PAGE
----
Celtic limber up for City with another domestic destruction
Six-goal stroll, but focus remains on goalkeeping situation as De Vries has another unconvincing day
RARELY since a ball flew from the toes of David Narey and beyond Waldir Peres during Espana ‘82 has a goal been more unlikely or punished as severely as Souleymane Coulibaly’s strike at Celtic Park on Saturday.
Kilmarnock had offered little when their striker spun on the ball 35 yards from goal and unleashed a shot that never looked to get much above crossbar height, but looked to have Dorus de Vries in trouble from the moment he struck it in spite of the Celtic goalkeeper being reasonably positioned.
Celtic’s response was even more brutal than that of one of the most stylish Brazilian teams of all time, with Moussa Dembele scoring twice in quick succession to put his side in front and take his tally for the season into double figures before the end of September.
Kilmarnock manager Lee Clark’s suggestion that the 21-year-old Ivorian’s strike is destined to be forgotten in the wake of what it provoked was meanwhile probably mistaken since the quality of the winning team’s performance was strangely over-shadowed, just as happened 34 years ago.
Then it was the erroneous judgement of English pundit Jimmy Hill that Narey had delivered a ‘toe-poke’ that meant the losing team’s solitary goal would always be remembered. This time the curiosity was that the major talking point after a team had scored six goals in 50 minutes during which they ran rampant, was their starting goalkeeper’s performance.
Brendan Rodgers defended De Vries and said that his subsequent substitution had been down to a chest injury suffered as he landed after his failed attempt to back-track and keep the ball out, but last week’s claim by the Celtic manager that he does not have a number one goalkeeper is looking ever harder to justify. That is the number Craig Gordon wears and those who believe he remains the best home-based Scottish goalkeeper will require ever more persuading that he is not also still Celtic’s.
As unreasonable as it may seem to focus on defensive matters when they were essentially so irrelevant to Saturday’s game is to miss the lesson learned earlier this month about the scale of the contrast Celtic face between their domestic task and the challenges they will meet in Europe.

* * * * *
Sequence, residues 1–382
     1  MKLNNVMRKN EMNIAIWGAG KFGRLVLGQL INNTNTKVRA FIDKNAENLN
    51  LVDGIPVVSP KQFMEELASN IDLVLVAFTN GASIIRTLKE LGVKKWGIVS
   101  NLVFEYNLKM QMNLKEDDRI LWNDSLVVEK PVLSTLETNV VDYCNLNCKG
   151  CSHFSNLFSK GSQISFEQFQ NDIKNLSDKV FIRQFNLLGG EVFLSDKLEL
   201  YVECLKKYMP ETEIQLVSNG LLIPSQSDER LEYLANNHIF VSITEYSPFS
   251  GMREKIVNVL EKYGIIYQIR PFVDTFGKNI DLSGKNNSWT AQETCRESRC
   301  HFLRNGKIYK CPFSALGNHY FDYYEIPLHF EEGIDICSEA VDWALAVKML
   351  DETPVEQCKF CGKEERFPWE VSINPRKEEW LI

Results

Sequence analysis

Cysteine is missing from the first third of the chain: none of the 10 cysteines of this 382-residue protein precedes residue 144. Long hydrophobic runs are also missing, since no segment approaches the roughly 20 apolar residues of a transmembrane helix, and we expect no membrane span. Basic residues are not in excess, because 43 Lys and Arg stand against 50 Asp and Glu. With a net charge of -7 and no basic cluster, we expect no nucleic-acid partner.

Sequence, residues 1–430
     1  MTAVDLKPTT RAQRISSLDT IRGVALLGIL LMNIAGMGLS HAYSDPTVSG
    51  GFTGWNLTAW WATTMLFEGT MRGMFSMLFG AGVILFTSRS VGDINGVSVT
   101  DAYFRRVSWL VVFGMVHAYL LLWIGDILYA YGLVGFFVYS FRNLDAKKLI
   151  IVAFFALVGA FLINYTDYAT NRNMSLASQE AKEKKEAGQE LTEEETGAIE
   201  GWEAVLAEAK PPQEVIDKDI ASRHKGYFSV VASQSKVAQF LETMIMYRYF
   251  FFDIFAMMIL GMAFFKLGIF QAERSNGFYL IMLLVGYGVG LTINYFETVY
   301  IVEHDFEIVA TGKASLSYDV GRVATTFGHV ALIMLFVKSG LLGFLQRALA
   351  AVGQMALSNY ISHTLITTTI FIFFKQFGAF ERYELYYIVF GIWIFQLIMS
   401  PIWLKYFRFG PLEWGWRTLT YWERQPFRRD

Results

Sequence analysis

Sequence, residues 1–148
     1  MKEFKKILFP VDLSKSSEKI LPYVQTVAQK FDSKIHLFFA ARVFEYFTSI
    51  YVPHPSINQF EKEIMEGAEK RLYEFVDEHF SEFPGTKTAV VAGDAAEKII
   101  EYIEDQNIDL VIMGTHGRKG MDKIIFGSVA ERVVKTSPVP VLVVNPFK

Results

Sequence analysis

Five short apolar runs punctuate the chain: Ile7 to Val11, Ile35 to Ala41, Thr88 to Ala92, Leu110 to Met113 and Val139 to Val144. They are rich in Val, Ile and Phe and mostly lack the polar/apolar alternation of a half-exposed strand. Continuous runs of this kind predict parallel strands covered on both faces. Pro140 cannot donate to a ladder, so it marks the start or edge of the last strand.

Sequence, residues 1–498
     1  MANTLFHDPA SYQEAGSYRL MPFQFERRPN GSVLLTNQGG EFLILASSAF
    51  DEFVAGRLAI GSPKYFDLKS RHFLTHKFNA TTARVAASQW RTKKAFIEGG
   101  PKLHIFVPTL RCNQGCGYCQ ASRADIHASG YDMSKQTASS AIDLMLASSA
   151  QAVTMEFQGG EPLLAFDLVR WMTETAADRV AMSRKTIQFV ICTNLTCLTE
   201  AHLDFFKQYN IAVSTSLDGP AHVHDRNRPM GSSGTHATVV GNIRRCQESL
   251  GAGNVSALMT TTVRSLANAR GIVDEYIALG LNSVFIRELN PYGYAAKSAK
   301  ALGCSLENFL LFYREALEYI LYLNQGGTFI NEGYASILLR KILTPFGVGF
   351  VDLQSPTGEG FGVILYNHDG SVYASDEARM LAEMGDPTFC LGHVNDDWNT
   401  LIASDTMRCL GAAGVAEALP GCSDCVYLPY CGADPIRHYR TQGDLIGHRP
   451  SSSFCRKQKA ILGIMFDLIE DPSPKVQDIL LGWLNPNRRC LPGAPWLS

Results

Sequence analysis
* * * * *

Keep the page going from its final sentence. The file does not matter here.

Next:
At this level it is all about Celtic’s capacity to unlock defences, carrying a threat all over the pitch as they do. However there were a couple of defensive moments even before Coulibaly’s strike that the Champions League’s finest would surely have taken advantage of.
What seemed to give Rodgers most satisfaction, then, having highlighted a lack of aggression as a factor in the way they were meekly swept aside in Spain, was not so much the way they finished off their opponents as how they set about minimising the amount of possession Kilmarnock were permitted.
The extent to which that message has been taken on board was underlined afterwards by Erik Sviatchenko, their Swedish defender as he explained the relevant elements of Saturday’s performance to Wednesday’s.
“We will take our chances when we have the ball,” he said of the meeting with Manchester City.
“You also defend when you have the ball. If you give the ball away a lot it will be a long night. If we move the ball quickly it doesn’t matter who we are against, but it’s also about courage.”
As Rodgers also observed immediately before this match, in the modern game the line-up that finishes can be as significant in terms of indicating a manager’s preferences as that which started.
In taking the chance to fully rest Kolo Toure ahead of his re-match with his former club and let Sviatchenko, Jozo Simunovic and Mikael Lustig make their cases for accompanying him, his options were, then, best demonstrated by the substitutions he could make.
As well as bringing on Gordon they replaced Dembele with Leigh Griffiths, who was roundly applauded merely for warming up midway through the first half and Scott Sinclair, after his penalty strike maintained his goal-a-game run in his first six league matches of the season, with the gifted Patrick Roberts.
Griffiths, of course, buzzed around exactly as expected, creating excellent chances for Tierney and Lustig with his first two touches before nicking a classic poacher’s goal when, standing in front of Jamie MacDonald, the Killie ‘keeper, he re-directed Lustig’s on target header from a corner into the top of the goal.
Forrest had by then all but secured the win after a classy interchange with Rogic who would score the last of their six, albeit his imperfect strike only went in thanks to a MacDonald error that was rather worse than that of De Vries had been as he dived too early and let the ball roll over him. However the attitude that can stand Celtic in good stead was exemplified when Griffiths, after being brought down for the penalty that produced their fifth goal, chased off to retrieve the ball, looking for all the world as if he intended to take the spot kick, only to hand it to Sinclair to let him maintain his scoring sequence.
“It’s nice that Leigh Griffiths is back. He made a great impact,” Sviatchenko observed. “You also saw his character when he handed the penalty kick to Scott Sinclair.
“That’s what team spirit is about and this team is building every week. We have unity on the pitch.”
They will need that on Wednesday and, in all probability, thereafter in their Champions League campaign when it is their turn to have to worry about firing up the opposition.
OVER TO YOU: Leigh Griffiths, left, lets Scott Sinclair take Celtic’s penalty in order to stay on course for a club record
EMBATTLED: Dorus De Vries was beaten by a 35-yard wonder strike